CORONAVIRUS

Covid-19 in the US: first cases of the South African strain. what differences does it have?

Officials in South Carolina have announced the first two confirmed cases in the United States of the highly transmissible South African strain of covid-19.

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Covid-19 in US: first cases of the South African strain. what differences does it have?
NICK OXFORD REUTERS

Two adult individuals with no travel history and no connection to each other have tested positive for the strain of covid-19 first detected in South Africa. The new variant is more contagious and can evade protective antibodies generated by earlier infections, as well as less susceptible to antibody drugs.

The South Carolina Department of Health and Environmental Control (DHEC) announced in a statement that the two cases were discovered separately, one by the CDC and the other DHEC's Public Health Laboratory. At present it is unclear how widespread or localized the strain may be in South Carolina since they were picked up from random sampling the state and CDC perform. Dr. Brannon Traxler, DHEC Interim Public Health Director said “The arrival of the SARS-CoV-2 variant in our state is an important reminder to all South Carolinians that the fight against this deadly virus is far from over.”

How is the South African strain different from other strains?

Viruses are mutating all the time and at present the three most worrying variants of covid-19 have been detected in the US, the strains first discovered in the UK, Brazil and South Africa. The South African strain which has been detected in over 30 countries, is approximately 50 percent more transmissible similar to the UK strain. The UK variant is expected to be the dominant strain in the US by March according to the CDC.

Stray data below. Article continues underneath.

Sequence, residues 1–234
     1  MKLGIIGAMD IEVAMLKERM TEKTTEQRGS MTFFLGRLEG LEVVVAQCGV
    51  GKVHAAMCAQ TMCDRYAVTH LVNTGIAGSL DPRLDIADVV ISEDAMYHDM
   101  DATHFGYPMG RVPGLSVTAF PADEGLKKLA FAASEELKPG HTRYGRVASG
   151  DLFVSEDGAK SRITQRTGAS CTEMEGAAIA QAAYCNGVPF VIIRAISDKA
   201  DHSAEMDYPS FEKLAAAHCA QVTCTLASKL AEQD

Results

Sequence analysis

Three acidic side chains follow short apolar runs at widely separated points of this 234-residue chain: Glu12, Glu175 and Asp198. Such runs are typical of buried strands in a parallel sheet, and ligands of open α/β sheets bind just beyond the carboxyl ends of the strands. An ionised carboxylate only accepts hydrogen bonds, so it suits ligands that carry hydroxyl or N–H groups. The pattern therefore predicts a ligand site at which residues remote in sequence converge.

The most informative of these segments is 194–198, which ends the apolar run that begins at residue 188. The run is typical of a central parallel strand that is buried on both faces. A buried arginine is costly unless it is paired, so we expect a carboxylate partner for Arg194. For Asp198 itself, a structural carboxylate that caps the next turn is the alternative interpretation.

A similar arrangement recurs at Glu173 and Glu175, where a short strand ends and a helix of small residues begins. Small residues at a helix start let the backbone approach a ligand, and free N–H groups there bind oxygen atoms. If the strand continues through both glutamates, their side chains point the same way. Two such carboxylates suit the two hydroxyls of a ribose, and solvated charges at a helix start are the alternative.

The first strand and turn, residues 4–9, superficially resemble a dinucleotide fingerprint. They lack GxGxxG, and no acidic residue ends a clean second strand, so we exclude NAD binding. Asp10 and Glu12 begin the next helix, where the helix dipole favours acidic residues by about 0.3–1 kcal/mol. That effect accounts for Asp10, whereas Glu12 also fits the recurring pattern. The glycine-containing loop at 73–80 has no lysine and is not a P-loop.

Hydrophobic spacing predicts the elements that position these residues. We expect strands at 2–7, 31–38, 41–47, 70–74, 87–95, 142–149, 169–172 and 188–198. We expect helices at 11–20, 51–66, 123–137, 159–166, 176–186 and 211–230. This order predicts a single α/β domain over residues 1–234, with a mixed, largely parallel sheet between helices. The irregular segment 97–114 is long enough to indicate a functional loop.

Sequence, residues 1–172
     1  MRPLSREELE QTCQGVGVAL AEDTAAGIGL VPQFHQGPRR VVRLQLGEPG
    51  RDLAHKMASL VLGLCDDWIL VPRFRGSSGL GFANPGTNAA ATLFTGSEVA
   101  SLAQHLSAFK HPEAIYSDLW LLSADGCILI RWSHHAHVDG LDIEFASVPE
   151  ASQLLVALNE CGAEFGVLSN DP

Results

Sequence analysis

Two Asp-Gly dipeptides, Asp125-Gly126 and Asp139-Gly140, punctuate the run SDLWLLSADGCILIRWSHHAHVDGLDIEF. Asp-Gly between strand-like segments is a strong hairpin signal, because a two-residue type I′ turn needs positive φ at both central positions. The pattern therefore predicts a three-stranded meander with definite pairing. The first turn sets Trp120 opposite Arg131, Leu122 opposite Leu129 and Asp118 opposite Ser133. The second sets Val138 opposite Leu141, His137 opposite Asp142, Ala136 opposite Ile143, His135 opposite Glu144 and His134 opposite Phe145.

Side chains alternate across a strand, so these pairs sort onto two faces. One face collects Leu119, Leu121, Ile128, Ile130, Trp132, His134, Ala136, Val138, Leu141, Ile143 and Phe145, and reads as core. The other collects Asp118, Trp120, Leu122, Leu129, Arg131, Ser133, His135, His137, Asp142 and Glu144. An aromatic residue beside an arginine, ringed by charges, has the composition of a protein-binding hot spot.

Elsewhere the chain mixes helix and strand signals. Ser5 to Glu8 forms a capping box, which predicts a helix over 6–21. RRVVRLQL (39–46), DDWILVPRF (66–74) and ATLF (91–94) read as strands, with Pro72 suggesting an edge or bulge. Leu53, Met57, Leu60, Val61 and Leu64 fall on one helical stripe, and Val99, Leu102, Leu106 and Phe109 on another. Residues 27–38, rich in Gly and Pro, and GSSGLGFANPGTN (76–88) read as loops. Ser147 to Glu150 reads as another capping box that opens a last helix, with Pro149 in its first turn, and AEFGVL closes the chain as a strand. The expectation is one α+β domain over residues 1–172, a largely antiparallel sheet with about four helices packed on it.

“We know that viruses mutate to live and live to mutate,”

Dr. Brannon Traxler.

The variant from Brazil was first discovered in a random swab in a surveillance program in Minnesota on Monday. The South African strain shares a modification with the one discovered in Brazil. Both are able to evade detection by the body's antibodies. However, at present experts believe that the existing vaccines are effective against these variants, the degree to which is still being investigated but preliminary results are good. Vaccine makers are working on new vaccines and booster shots that could be used if immunity fails.

Currently there is no evidence that any of the strains cause a more severe illness or are deadlier. However if they are more transmissible, as scientists suspect based on preliminary data, the resulting boost to the infection rate would increase hospitalizations and deaths.